DJ Astro,  Psychotropic Zone (2010)
ohead  Gaia's Garden  (2008)
Fans of pschedelic and ambient music are in for an absolute treat with this simply brilliant and quite stunning release from ohead. The man behind the band/music is Dave Hendry and the multi-instrumentalist already has a plethora of work to his name but I doubt if he has previously produced anything as devastatingly good as this. Guitar and keyboards combine fluidly with drums and bass to produce an instrumental landscape of sound that is dreamy, ethereal and atmospheric. A tad of space rock for sure but think of the mighty Ozrics and early Porcupine Tree given full reign to experiment in rhythms and sound effects and you'll have some idea of what is happening here. Hendry has been very clever as he uses several guests to devastating effect on several of the tracks. The genre of psychedelic/ambient rock simply doesn't get any better than this.
 
T.C   The Classic Rock Society magazine (2008)
 
David Hendry from the UK is a very busy fellow who has released different kinds of electronic music under various monikers. ohead is one of his projects that has prior to this new CD released two great, cosmic and psychedelic ambient albums. I reviewed Steps Across the Cortex, the latter of these, last year. On Gaia's Garden David plays synthesizers, bass, guitars and sings as well as does the programming. Rachel Hutchinson (saxophone), Will Greenwood (lead and glissando guitar) and Gaz (lead guitar) are also featured as guests on one track each.
Gaia's Garden is a very well produced, psychedelic and mostly electronic ambient album that has a bit organic feel too because of the guitars and bird song. The music is pretty original, although it evokes similar feelings than early/mid 90's Astralasia, Banco de Gaia etc. Excellent music!

 DJ Astro, Psychotropic Zone (2008)
 
 
Possibly the best psychedelic-ambient album of the year... ohead is purely the work of 'Dave Hendry', who has a colourful and extensive musical history, as a composer,producer and musician. This unique masterpiece is dynamic, atmospheric and saturated with feel-good factor... interwoven with keyboards... guitar and polished to perfection

Garry Lee, Starship Overflow Radio CD of the week  (2008)
 
 
Ohead is the one-man space band of David Hendry. Hendry has extensive experience in the electronic music scene in genres such as trance, ambient and drum n' bass. And while his ohead project draws on some of those influences, Hendry infuses it with so much more, adding guitars and bass to the electronics for a fusion of sound reminiscent of Ozric Tentacles in many ways, but different as well. Hendry has a polished sheen to his production, the non-electronic instruments having gently rounded edges, melding into the mix with the electronics for a smoother and less raunchy sound than you often hear with the Ozrics. It's mostly instrumental music, except for the occasionally freaky voice sample, and of course the mysterious and edgy track Timeless Sun, which features spacey, processed singing from Hendry himself, multi-talented guy that he is. Ohead hearkens back to the electronica and festival sounds of the 90's while pushing forward and exploring new territory for the future. Lush, rhythmic and spaced out, this is music for the head. The O-head, that is.

From Aural Innovations 40 (2008)
 

 Ohead is the project name for Englishman David Hendry's music. David has produced the album, composed all the music and played all of the instruments except for the sax on Soapbubble (Rachel Hutchinson) the lead guitar/gliss on Skydancer (Will Greenwood) and the lead guitar on Desert Path (gaz). Despite these contributions this remains very much a David Hendry solo effort. It is well conceived, composed, played and produced. The music, totally instrumental save for some short vocalisations on some of the compositions, lies in that region of soundscape that encompasses psychedelia, ambient and space-rock, with David weaving seamlessly between the three. The sound is impressively clear; this is another of those albums that is definitely enhanced by being played on the best of hi-fis.The opening Lost In The Stars immediately lifts you into a good mood with its effective use of warm synthesizer sounds from the bass end, neatly juxtaposed with higher frequency playing. The Gaia's Garden set of compositions mixes spacey sounds along with birdsong and the like, all very pleasant in an ambient way within this psychedelia/space-rock setting. Other highlights are the subtly different space-rock feels of  Timeless Sun and Red Skies, purposely contrasted by David I'm sure; and  Soapbubble , to which Rachel's sax contributes some wonderful musical colour. Overall, a fine album: recommended for fans of totally instrumental psychedelia/space-rock/ambient soundscapes.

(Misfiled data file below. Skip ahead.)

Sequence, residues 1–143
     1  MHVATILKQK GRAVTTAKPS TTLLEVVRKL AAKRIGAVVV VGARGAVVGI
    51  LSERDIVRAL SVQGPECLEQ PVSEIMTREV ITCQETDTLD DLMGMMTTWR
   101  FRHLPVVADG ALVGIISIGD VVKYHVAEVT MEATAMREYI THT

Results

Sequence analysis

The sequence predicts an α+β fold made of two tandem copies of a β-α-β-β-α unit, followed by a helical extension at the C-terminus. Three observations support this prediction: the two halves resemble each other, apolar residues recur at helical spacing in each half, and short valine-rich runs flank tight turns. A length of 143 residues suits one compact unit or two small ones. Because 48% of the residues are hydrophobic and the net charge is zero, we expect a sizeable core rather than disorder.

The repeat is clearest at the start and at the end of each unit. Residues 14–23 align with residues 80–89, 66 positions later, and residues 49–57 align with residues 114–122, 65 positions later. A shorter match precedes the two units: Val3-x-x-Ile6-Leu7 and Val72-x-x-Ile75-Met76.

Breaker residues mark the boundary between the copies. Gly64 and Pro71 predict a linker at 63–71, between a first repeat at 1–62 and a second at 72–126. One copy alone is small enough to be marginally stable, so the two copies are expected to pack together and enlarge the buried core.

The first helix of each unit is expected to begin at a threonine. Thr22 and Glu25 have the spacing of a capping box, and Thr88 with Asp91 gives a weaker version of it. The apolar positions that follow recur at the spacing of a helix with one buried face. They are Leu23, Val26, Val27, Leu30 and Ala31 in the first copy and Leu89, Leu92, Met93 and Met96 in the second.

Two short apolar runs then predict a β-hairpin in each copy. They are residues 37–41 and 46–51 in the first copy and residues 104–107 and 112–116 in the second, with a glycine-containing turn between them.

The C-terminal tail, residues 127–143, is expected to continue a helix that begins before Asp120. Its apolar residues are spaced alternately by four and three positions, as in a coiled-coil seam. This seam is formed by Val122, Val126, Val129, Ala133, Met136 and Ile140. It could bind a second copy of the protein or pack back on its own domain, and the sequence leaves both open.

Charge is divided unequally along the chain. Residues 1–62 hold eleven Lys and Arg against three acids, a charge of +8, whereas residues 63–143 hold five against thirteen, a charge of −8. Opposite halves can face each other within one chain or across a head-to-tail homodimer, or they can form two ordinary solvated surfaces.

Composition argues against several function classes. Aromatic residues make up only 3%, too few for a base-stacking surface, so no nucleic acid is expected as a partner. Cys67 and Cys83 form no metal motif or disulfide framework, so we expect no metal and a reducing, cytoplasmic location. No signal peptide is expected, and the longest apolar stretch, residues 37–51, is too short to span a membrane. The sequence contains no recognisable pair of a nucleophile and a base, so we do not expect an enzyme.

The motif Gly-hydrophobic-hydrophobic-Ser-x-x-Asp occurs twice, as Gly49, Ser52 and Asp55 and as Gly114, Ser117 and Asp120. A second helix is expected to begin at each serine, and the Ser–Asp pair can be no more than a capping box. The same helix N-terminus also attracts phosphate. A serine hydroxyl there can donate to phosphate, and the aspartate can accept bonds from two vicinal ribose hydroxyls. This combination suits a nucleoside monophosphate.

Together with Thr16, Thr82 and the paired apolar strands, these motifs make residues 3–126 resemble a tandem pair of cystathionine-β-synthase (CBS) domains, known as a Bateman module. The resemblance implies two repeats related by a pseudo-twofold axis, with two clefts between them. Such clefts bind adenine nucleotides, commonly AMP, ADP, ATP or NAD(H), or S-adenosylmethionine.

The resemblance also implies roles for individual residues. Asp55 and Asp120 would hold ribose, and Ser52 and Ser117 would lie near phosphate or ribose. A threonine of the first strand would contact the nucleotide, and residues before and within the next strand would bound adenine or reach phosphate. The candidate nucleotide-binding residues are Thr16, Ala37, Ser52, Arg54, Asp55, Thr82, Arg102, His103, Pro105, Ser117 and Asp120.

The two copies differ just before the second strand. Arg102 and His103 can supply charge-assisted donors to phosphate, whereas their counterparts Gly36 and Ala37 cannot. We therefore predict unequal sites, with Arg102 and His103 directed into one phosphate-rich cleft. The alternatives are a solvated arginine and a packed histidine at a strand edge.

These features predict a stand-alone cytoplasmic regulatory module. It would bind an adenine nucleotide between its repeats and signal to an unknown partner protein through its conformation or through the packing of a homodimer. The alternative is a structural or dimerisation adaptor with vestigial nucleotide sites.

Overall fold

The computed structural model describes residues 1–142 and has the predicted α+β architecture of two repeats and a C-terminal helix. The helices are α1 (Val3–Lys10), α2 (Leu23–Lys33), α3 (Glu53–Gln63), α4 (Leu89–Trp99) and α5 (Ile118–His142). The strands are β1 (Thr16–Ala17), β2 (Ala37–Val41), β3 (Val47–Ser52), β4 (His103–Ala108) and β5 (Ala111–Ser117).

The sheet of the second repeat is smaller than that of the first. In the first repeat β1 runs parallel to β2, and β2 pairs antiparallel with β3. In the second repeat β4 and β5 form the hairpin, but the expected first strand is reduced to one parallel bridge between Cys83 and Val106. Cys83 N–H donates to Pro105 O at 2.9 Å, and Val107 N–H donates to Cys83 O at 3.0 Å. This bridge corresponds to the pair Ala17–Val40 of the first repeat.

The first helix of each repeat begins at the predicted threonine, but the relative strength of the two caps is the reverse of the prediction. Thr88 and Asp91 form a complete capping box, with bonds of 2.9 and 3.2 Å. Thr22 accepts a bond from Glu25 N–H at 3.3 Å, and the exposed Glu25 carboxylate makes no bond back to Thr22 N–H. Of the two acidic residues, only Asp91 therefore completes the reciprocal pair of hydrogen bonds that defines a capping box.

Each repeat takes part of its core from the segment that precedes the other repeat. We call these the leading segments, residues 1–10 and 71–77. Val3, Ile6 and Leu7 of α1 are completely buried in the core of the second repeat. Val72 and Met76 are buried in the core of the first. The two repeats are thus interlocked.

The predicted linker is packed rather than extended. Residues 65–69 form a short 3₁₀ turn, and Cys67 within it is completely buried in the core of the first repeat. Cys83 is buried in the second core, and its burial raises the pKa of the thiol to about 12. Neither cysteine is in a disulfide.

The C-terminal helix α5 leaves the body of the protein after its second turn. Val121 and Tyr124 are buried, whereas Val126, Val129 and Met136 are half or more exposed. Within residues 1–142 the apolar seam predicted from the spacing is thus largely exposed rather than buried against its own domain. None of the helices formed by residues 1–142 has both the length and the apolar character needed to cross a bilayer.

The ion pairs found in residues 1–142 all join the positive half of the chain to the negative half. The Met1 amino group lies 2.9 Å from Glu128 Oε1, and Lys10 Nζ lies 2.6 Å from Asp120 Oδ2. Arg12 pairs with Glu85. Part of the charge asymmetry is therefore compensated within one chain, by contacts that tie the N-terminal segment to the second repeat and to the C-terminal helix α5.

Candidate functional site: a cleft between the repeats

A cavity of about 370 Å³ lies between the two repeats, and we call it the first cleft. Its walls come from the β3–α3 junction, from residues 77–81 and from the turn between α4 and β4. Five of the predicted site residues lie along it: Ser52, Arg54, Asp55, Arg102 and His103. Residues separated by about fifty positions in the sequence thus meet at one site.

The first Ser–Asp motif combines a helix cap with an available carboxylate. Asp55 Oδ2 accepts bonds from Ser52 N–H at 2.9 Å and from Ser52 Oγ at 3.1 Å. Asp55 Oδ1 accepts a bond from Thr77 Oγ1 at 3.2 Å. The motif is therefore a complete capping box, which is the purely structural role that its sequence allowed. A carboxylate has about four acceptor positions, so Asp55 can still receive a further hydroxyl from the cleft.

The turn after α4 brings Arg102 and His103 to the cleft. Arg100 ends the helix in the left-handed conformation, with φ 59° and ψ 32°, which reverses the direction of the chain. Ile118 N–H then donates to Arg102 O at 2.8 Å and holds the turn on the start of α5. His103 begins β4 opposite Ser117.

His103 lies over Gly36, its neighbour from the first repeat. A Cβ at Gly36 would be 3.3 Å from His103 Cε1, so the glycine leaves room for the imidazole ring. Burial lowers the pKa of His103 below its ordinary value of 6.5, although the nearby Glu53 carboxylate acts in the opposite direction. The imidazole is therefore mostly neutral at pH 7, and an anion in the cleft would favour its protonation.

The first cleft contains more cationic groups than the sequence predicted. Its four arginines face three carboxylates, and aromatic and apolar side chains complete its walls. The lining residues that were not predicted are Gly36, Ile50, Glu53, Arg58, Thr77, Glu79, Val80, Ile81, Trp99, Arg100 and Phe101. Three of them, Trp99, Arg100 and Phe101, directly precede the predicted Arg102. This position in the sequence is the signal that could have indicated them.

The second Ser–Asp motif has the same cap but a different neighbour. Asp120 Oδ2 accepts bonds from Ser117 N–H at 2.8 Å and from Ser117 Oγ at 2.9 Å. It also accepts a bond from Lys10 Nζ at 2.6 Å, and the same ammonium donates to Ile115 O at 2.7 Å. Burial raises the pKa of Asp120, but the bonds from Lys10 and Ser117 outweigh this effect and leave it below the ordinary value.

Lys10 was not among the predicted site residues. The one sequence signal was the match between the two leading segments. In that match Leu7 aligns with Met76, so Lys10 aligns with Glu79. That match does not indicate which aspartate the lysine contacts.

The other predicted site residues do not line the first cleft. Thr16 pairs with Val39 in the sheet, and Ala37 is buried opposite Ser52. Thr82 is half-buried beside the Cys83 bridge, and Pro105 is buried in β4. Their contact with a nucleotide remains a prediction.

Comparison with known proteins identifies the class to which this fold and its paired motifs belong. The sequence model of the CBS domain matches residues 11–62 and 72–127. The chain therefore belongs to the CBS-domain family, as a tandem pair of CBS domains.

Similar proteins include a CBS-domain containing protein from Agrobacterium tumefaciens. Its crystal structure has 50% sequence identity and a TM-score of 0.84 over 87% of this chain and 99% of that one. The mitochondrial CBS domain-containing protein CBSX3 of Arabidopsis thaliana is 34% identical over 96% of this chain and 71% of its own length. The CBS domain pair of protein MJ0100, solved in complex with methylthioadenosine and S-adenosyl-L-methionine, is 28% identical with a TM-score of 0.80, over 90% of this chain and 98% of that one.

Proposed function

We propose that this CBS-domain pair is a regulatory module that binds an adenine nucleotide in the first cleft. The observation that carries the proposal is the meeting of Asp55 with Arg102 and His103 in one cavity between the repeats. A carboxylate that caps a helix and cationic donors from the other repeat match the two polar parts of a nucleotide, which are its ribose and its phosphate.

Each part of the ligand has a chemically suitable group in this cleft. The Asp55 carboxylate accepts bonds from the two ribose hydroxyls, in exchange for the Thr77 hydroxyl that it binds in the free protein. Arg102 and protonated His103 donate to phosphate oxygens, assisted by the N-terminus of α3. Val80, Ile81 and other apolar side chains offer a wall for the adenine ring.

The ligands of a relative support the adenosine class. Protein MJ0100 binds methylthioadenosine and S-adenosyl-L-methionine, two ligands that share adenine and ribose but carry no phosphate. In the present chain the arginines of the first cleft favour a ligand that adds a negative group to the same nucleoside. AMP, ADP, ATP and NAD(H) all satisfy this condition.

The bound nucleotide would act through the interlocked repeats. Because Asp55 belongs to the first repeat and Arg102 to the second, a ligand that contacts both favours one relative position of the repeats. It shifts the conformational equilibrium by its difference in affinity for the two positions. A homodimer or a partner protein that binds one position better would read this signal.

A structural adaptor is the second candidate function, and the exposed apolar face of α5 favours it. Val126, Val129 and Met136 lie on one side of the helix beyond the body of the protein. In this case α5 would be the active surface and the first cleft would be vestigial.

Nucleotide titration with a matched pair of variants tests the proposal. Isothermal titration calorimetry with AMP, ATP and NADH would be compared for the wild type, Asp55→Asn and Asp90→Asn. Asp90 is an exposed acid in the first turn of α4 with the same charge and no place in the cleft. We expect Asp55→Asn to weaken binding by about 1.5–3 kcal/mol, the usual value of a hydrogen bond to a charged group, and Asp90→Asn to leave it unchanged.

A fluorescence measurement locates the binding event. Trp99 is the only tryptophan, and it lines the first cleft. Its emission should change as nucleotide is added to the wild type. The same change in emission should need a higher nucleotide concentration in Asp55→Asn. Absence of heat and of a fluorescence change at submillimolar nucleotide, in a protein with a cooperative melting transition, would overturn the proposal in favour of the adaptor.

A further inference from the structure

Alex Torres,  DPRP (2009)
ohead  StepsAcrossTheCortex  (2005)
A warbly bass synth sequence, some male sci-fi dialogue in the background, and we're off and running on another spacey ohead release, as if Silent Universe were only yesterday, not seven years prior. A light vintage synth lead and a thumping beat also emerge, and the feeling on Twilight Pilot is very familiar, like coming home. Various cool electronic effects fly in and out of the mix at will. The bass sequence gets a bit heavy, not changing at all until it transposes off and on going into the seventh minute, but it's still good fun. We float right into Otherworldly Journeys, with lots of bubbly little synth sounds. A hypnotic sequence gets going, then a bass pulse, then more layers of electronics including a pleasant melody. The feeling is cool, hip, relaxed. Mellotron flutes and strings are added at the end for good measure. Next up is an epic excursion, The Loneliness of the Deep Space Traveller. This one builds perfectly from ambient beginnings to a steady marching beat with, again, a wonderful assortment of playful synth sounds. Dreamy throughout, by the end you will be tapping your toes and grooving with it. Oracle Eye develops in similar fashion, with fully engaging rhythms and melodies that will completely hook you. David Hendry manages to coax tunes along in such a way that it is difficult to tell what parts are preconceived and what parts are freeform experimentation and improvisation. Certainly they have the feel of tight compositions, but when you venture across each electronic landscape for anywhere from 9 to 26 minutes, it seems likely that some exploration is going on. On the other hand, the consistency between the two O-Head discs is so amazing Delta Ceiphi seems like a sequel to The Domes of Atma, that perhaps there is method to the madness throughout. Excellent.